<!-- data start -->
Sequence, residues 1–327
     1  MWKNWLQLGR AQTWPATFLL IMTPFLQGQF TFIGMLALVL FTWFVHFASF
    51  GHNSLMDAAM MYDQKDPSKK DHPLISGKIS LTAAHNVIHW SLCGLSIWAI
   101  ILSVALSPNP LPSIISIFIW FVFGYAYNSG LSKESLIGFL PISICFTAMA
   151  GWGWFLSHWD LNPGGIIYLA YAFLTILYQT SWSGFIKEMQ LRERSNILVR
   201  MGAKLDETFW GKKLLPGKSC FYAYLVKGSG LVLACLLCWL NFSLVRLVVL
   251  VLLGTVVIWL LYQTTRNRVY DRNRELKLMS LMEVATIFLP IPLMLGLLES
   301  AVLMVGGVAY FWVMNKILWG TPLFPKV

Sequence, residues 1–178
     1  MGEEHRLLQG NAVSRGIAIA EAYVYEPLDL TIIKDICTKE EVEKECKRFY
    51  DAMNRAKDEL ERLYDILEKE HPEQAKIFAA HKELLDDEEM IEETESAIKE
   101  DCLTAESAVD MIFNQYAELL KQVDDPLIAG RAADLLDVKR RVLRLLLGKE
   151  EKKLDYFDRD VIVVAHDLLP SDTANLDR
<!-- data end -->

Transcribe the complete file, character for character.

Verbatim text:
Sequence, residues 1–327
     1  MWKNWLQLGR AQTWPATFLL IMTPFLQGQF TFIGMLALVL FTWFVHFASF
    51  GHNSLMDAAM MYDQKDPSKK DHPLISGKIS LTAAHNVIHW SLCGLSIWAI
   101  ILSVALSPNP LPSIISIFIW FVFGYAYNSG LSKESLIGFL PISICFTAMA
   151  GWGWFLSHWD LNPGGIIYLA YAFLTILYQT SWSGFIKEMQ LRERSNILVR
   201  MGAKLDETFW GKKLLPGKSC FYAYLVKGSG LVLACLLCWL NFSLVRLVVL
   251  VLLGTVVIWL LYQTTRNRVY DRNRELKLMS LMEVATIFLP IPLMLGLLES
   301  AVLMVGGVAY FWVMNKILWG TPLFPKV

Sequence, residues 1–178
     1  MGEEHRLLQG NAVSRGIAIA EAYVYEPLDL TIIKDICTKE EVEKECKRFY
    51  DAMNRAKDEL ERLYDILEKE HPEQAKIFAA HKELLDDEEM IEETESAIKE
   101  DCLTAESAVD MIFNQYAELL KQVDDPLIAG RAADLLDVKR RVLRLLLGKE
   151  EKKLDYFDRD VIVVAHDLLP SDTANLDR